Say What? The game itself is rarely memorable, but what's uttered before, during and after the Super Bowl often is. Just listen in

February 02, 2004

"If Jesus were alive today, he would be at the Super Bowl," no
less an authority than Norman Vincent Peale said in 1976. --It
wasn't exactly a Christian sentiment, but Raiders defensive end
Lyle Alzado said, "I plan to rip [Joe Jacoby's] lips off" in
Super Bowl XVIII. --How did Jacoby, a Redskins tackle, feel about
having his lips removed? "Hmmm," he said, "it might be an
improvement." --As for cheeks, Bears quarterback Jim McMahon, who
had a bruised buttock, mooned a media helicopter before Super
Bowl XX and explained that he was "just showing them where it
hurt." --Cowboys linebacker Hollywood Henderson (right) intended
to bruise the Steelers' quarterback when he said, "Terry Bradshaw
is so dumb, he couldn't spell cat if you spotted him the c and
the a." --Henderson also lobbed this grenade at Randy Grossman:
"How much respect can you have for a reserve tight end? He's the
guy who comes in when everyone else is dead." --And this one at
linebacker Jack Lambert: "I don't care for the man. He makes more
money than I do, and he don't have no teeth." --The Steelers
responded in kind. During a change of possession, Mean Joe Greene
asked Henderson, "What's a superstar like you doing on a kickoff
team?" --Miami Dolphins kicker Garo Yepremian didn't need
Hollywood Henderson: He dissed himself. After a pathetic pass
attempt (left) following a blocked field goal in Super Bowl VII,
Yepremian said, "This is the first time the goat of the game is
in the winning locker room." --If there was a goat in the press
corps, it was the doofus who said to Raiders quarterback Jim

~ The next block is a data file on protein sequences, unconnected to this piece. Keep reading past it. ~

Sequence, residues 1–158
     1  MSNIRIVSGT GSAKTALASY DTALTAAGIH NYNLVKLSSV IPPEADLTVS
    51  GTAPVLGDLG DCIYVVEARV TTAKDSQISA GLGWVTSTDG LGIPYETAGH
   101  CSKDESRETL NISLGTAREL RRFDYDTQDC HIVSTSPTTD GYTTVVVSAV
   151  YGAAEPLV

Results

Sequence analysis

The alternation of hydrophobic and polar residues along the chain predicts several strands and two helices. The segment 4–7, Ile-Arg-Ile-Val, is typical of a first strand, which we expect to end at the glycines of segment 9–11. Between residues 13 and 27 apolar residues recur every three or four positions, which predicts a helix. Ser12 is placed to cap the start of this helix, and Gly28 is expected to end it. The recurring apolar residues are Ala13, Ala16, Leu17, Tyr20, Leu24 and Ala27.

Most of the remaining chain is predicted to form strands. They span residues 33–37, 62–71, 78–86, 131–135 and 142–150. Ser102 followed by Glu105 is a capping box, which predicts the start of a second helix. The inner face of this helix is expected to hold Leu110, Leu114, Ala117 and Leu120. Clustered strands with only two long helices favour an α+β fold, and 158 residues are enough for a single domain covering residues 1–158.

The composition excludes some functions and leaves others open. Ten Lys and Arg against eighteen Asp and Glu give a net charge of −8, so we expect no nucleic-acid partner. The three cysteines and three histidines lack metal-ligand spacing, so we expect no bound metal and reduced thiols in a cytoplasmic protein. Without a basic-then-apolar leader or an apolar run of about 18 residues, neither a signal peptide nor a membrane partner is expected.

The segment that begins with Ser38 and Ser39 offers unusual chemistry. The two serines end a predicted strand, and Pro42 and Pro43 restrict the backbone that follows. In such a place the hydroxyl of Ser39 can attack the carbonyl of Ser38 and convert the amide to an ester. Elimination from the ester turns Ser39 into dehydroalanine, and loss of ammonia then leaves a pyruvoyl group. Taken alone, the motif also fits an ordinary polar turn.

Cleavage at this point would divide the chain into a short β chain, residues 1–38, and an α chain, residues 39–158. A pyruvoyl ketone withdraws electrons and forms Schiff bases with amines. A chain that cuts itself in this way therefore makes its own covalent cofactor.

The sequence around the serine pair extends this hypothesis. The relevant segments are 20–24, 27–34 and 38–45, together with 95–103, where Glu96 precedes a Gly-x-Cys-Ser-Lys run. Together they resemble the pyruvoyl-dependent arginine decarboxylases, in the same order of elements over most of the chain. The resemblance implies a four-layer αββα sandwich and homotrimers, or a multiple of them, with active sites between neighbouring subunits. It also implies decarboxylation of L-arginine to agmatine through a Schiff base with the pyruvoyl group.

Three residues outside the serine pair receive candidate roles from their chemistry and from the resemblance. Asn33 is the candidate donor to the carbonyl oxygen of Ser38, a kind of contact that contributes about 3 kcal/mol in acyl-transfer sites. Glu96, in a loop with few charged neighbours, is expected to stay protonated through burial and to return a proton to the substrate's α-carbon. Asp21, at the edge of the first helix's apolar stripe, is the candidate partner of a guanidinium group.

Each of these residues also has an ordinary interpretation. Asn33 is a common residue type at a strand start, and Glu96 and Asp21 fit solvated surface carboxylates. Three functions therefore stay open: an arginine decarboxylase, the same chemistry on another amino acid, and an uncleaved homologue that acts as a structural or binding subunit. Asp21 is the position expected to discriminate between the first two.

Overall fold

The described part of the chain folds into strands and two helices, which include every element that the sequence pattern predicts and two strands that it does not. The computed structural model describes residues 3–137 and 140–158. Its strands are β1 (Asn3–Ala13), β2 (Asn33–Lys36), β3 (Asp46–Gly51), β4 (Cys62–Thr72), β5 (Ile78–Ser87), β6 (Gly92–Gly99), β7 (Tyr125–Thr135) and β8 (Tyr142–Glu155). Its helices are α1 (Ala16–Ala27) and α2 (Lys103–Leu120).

Plunkett (left) at Super Bowl XV, "I'm having trouble keeping
this straight. Is it dead father, blind mother, or dead mother,
blind father?" --Plunkett replied, "Both my parents were blind,
and my father is dead." --Speaking of parents, Redskins guard
Russ Grimm declared before Super Bowl XVIII, "I'd run over my
mother to win it." --Raiders linebacker Matt Millen agreed. He
said, "I'd run over Grimm's mother too." --The fans, likewise,
recognize the value of the big game. A classified ad in The Miami
Herald before number XXIII read, "I have Super Bowl tickets. Will
trade for a reliable car or truck." --The fan might have wanted,
like Steelers defensive tackle Ernie Holmes, to get out of town.
"I don't like this place," Holmes said of Miami. "People come
here to play golf and die." --Perhaps at the Pearly Gates they
will meet 49ers quarterback Joe Montana. After losing Super Bowl
XXIII to San Francisco, Bengals wideout Cris Collinsworth said,
"Joe Montana is not human. I don't want to call him a god, but
he's definitely somewhere in between." --Only God can see the
future, but humans try anyway. Before Super Bowl III, SI's Tex
Maule confidently predicted, "Colts, 47-0." It was Jets, 16-7. --
Before Super Bowl XXIV, Terry Bradshaw said, "This sucker could
be as bad as 55-3." The 49ers beat the Broncos 55-10, proving
that even if Bradshaw (above, in his playing days) is no genius
at spelling, he's got a pretty good feel for a point spread. --As
for geniuses, Redskins coach Joe Gibbs said, after winning Super
Bowl XXVI, "There have been only two in history, and none of them
has been in football. Michelangelo was one of them, and I forget
who the other was." --Raiders quarterback Daryle Lamonica didn't
sound like Brainiac after number II. "I have no clear
recollection of the first series of downs," he said. "I was that
excited by this ... this ... well, this Super Bowl, if that's
what you want to call it." --Cowboys running back Duane Thomas
didn't sound too excited in 1972. "If it's the ultimate game," he
said, "how come they're playing it again next year?" --Gene Menez


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